I wrote a program in Matlab that uses the data for each ride to calculate the speed I would have gone for two situations: (1) the same ride with no wind present and (2) a windless, flat ride, similar to riding on an indoor trainer or inside a velodrome. Calculated totals are included in the statistics on the data-summary page and show that tail winds are slightly more numerous than headwinds for all my rides, on average.

I decided to test the mathematical cycling power model published by Martin, Milliken, Cobb, McFadden, and Coggan using the data from my iAero. I developed a routine that calculates power using the iAero data (minus its power data) and the power equation described in this article. The equation is quite detailed and includes several components:

- aerodynamic resistance, based on C
_{D}A (coefficient of drag times frontal area) - wheel rotation resistance, due to the wheel spokes slicing through the air similar to a fan
- rolling resistance, based on C
_{RR}(the coefficient of rolling resistance for the tire) - frictional wheel bearing losses
- changes in potential energy, due to elevation change
- changes in kinetic energy, due to inertial changes in (1) the velocity of the bike and cyclist and (2) the spinning wheels
- frictional losses between the gears and chain

Values for C_{D}A and C_{RR} can be difficult to determine, especially since they change throughout any ride based on the position of the cyclist and the quality of the road. Fortunately, the iAero computes average values for both of these coefficients during a calibration ride. I decided to use three different values of C_{D}A in my program: (1) the iAero coefficient for regular road grades, (2) a scaled-up number for high grades, and (3) a scaled-down number for downhill grades.
I had to guess a value for the wheel rotation resistance, but this isn't a big deal since it amounts to about one or two percent of the total aerodynamic resistance, which is itself a fraction of the overall power. An equation for wheel bearing frictional losses included in the article was used. Changes in potential and kinetic energy were easy to calculate given that wind speed, bike speed, and elevation data are gathered by the iAero.

The first component of the program that I wrote calculates power based on all the above-mentioned factors and compares it to the power measured by the iAero. The figure below shows that the model does a fairly good job of calculating power throughout the ride. Indeed, when I ran this program for multiple power files, the average error in total energy (power*time=energy) was 2.65%. This is quite good considering major factors, like the coefficients of aerodynamic drag and rolling resistance, are anything but constant. More importantly, inspection of the figure indicates that the calculation tracks the actual data quite well. Some of this error is due to the calculated power oscillating above and below the power indicated by the iAero. It may be that the iAero applies some smoothing to the data, which could mean that certain spikes in the calculated power are more accurate than the iAero power data since actual rides are subject to drastic changes in wind speed, braking, etc.

Once the power calculation model had been validated, I decided to have it output two sets of data. First, the data from the iAero (minus power data) was used to calculate how fast I would have gone (and how far) without any wind. This negates the detriment of headwinds as well as the benefit of tailwinds. Second, I used the iAero data to calculate how fast and far I would have traveled without any wind on a flat road. This second calculation in essence converts the outdoor effort to a ride on an indoor trainer or in a velodrome and normalizes rides so that they can be compared by distance. I've included figures of data from four different rides illustrating how these efforts compare with the idealized rides.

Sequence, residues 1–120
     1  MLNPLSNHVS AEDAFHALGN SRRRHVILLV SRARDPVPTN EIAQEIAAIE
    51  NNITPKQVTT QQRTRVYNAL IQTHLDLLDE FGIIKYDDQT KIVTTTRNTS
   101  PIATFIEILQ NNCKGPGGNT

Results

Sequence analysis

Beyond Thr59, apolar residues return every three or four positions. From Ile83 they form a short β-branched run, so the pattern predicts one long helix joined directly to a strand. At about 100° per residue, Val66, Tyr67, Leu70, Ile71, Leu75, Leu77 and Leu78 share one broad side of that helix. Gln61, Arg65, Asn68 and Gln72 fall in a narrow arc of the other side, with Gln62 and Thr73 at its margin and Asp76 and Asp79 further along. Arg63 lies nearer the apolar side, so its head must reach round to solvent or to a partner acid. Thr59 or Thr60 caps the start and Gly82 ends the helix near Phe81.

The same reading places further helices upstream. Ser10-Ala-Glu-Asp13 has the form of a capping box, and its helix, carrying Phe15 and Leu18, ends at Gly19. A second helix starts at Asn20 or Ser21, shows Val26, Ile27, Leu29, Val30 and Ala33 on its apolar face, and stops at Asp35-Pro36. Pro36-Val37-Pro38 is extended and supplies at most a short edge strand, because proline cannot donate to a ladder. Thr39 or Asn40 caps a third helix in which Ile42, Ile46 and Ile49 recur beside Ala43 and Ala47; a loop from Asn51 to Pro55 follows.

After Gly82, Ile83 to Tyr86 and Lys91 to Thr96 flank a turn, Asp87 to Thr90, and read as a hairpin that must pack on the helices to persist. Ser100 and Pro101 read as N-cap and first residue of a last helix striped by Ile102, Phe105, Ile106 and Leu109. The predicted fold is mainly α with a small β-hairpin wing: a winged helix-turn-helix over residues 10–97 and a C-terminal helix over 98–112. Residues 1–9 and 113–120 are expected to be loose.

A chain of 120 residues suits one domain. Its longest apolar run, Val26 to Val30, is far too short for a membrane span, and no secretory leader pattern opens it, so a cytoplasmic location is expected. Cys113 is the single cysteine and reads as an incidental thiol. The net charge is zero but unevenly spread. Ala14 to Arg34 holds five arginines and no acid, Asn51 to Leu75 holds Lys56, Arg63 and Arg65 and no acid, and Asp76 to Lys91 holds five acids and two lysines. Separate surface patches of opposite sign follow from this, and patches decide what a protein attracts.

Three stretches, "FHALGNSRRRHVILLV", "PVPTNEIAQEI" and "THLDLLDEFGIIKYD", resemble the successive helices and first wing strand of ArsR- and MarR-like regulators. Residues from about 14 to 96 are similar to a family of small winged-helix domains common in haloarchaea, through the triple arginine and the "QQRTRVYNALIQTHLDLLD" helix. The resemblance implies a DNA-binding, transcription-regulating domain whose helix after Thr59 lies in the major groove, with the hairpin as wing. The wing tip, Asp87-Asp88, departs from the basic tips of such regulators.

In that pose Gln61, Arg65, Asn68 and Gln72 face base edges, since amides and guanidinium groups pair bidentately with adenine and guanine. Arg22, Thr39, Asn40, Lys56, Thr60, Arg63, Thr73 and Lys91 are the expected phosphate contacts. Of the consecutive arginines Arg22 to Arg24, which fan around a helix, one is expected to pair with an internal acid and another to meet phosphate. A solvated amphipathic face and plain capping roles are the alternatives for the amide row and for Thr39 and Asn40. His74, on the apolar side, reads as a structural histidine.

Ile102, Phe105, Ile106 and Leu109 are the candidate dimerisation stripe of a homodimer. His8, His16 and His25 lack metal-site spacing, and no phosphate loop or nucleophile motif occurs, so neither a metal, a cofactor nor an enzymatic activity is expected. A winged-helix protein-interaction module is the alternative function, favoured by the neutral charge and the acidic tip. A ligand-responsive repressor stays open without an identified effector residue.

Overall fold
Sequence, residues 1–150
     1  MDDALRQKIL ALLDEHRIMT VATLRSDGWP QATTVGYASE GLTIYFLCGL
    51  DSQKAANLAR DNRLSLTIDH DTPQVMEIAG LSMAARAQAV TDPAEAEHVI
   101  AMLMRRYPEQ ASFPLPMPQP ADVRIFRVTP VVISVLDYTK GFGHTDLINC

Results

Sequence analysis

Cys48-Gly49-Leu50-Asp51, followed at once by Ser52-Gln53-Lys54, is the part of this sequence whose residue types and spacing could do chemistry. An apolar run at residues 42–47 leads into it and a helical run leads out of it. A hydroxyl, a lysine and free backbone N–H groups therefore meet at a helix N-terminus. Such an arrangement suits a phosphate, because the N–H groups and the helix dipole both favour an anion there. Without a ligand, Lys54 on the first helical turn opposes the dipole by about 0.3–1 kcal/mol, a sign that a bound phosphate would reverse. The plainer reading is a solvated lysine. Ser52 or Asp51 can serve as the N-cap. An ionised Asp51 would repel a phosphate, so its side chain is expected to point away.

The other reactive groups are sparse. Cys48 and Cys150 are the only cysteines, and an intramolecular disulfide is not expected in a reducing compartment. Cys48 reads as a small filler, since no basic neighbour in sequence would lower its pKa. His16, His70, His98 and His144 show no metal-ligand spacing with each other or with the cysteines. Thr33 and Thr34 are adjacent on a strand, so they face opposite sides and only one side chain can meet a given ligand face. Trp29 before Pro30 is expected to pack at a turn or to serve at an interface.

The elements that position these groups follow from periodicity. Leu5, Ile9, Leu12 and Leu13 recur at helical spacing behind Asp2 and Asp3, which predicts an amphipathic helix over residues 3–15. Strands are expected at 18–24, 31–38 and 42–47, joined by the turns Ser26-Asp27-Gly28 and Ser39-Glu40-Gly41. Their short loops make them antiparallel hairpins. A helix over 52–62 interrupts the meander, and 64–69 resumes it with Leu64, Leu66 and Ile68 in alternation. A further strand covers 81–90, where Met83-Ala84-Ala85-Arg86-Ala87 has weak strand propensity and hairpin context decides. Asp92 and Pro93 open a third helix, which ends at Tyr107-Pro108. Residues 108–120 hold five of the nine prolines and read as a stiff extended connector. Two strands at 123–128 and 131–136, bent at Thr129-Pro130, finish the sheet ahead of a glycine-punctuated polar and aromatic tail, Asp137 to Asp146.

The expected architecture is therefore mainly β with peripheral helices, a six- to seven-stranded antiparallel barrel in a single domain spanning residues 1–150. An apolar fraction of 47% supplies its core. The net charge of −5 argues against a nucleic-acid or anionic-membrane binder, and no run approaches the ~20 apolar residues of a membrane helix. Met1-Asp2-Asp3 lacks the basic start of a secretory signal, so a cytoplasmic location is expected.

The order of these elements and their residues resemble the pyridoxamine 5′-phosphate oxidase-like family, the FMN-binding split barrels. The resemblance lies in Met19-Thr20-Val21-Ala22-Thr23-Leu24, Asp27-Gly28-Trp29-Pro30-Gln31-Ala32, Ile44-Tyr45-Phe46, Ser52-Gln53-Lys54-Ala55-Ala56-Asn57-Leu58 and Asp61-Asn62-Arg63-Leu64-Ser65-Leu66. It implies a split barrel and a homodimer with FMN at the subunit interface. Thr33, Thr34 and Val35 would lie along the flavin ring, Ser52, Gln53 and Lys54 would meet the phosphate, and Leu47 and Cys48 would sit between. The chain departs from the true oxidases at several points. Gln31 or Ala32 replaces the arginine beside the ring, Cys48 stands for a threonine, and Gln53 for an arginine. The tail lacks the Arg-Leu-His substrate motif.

This first ride was a 36-mile loop that includes little elevation gain (789 feet) and had very little wind that day. There is little difference in the three velocities, as is to be expected for a fairly flat, wind-free ride. The distances (in miles) were 36.918 (actual ride), 36.601 (ride with no wind, –0.9%), and 37.227 (flat ride with no wind, +0.8%).

The second ride was a criterium workout on a 1.2-mile loop that has about 35 feet elevation gain per loop. This figure shows that the wind actually increased my peak speed by a few miles per hour on many of the laps. The distances (in miles) were 20.586 (actual ride), 19.088 (ride with no wind, –7.3%), and 19.711 (flat ride with no wind, +4.2%).

The third ride was a 45-mile out-and-back ride up and down a mountain, including an elevation gain of about 3,600 feet. It is obvious in the figure where I was climbing the mountain as the calculated flat, windless speed is consistently double to triple my actual speed (from 4000 to about 7800 sec). Then, on descending the mountain, that same flat, windless speed plummets and hovers near zero while my actual speed averaged about 30 mph and peaked over 45 mph. The distances (in miles) were 44.914 (actual ride), 43.050 (ride with no wind, –4.2%), and 51.542 (flat ride with no wind, +14.8%).

The fourth ride was the middle day (3 of 5) of my trip from Provo, UT to Mesquite, NV (2010). This ride included an elevation gain of about 8,800 feet and a brutal headwind that never let up and that I will never forget. The figure shows how my power output was a consistent effort that would average 18 mph on a flat road with no wind. However, the incessant wind kept me down between five and ten mph for much of the ride. The distances (in miles) were 70.651 (actual ride), 90.196 (ride with no wind, +27.7%), and 106.381 (flat ride with no wind, +50.6%).